In the manufacture of a Li/CFx cell utilizing the new electrolyte, the formation of the anode and cathode may be conventional and does not comprise the invention. The anode and cathode should be completely immersed in and wetted by the electrolyte. With respect to the relative proportion of solute to solvent, optimum performance results when the dimethyl sulfite is saturated with lithium hexafluoroarsenate. This is believed to occur at approximately 0.76 molar LiAsF6, at 23° C. With respect to the relative proportion of fluorographite to electrolyte, optimum performance is achieved where an excess of electrolyte is present. However, where weight or volume is limited, excellent performance can still be obtained with lesser amounts of electrolyte in relation to the fluorographite. For example, the ratio of electrolyte to fluorographite (where the x value is 1) in a typical cell can very usefully be in the range of about 2 to 3 cc of electrolyte per gram of fluorographite. Even under this condition, cathode yields of about 68 ampere-minutes per gram of CF are obtained.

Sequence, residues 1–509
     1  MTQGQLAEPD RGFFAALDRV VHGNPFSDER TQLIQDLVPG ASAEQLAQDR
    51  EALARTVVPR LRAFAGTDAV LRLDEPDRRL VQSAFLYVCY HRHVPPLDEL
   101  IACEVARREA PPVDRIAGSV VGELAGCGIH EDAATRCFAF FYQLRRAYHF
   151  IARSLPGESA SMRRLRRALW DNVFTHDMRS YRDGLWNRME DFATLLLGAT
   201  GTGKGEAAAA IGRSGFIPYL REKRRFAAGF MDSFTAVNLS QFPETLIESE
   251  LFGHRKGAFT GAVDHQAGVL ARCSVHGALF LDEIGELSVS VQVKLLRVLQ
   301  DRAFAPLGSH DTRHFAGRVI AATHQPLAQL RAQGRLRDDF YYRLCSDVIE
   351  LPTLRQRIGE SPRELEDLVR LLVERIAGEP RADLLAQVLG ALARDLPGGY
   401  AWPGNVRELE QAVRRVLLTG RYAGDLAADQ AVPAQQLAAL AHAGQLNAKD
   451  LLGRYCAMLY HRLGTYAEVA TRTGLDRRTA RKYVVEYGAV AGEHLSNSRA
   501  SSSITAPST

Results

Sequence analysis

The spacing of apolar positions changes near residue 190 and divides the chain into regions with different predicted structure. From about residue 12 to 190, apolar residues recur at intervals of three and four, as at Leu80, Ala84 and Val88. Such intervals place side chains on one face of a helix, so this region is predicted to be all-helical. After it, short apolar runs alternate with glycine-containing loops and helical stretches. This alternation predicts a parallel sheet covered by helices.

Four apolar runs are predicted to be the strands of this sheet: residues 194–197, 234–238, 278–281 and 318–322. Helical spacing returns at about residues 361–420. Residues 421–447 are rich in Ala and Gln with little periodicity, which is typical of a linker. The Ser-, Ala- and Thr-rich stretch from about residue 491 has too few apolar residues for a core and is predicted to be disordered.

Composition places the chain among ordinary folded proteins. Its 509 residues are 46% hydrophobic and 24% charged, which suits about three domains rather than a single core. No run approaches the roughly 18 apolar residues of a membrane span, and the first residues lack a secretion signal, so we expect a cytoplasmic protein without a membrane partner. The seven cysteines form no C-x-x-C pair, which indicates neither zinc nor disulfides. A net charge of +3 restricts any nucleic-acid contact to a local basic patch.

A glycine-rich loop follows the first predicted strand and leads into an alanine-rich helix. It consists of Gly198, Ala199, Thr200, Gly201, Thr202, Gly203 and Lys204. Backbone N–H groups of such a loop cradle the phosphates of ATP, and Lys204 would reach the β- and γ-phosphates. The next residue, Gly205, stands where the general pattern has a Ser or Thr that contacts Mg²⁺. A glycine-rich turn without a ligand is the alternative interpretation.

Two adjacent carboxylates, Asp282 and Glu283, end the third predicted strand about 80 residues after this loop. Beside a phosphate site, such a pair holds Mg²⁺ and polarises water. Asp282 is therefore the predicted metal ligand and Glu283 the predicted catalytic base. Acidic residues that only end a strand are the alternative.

The electrolyte solvent specified may be admixed with other solvents while retaining at least some of the benefits of its use. The addition of methyl formate in particular has been found greatly to improve the low temperature (below about 0° F.) operation of the cell.
The advantages of the invention can best be further explained by reference to the accompanying drawings wherein:
FIG. 1 is a diagram showing the discharge voltage, as a function of time, of a cell in accordance with one embodiment of the invention;
FIG. 2 is a diagram showing the variation of cathode yield with different solute/solvent ratios;
FIG. 3 is a diagram showing the low temperature discharge voltage, as a function of time, of three cells with different solvents;
FIG. 4 is a diagram of the discharge curves of certain prior art cells; and
FIG. 5 is a diagram of the discharge curves of other prior art cells.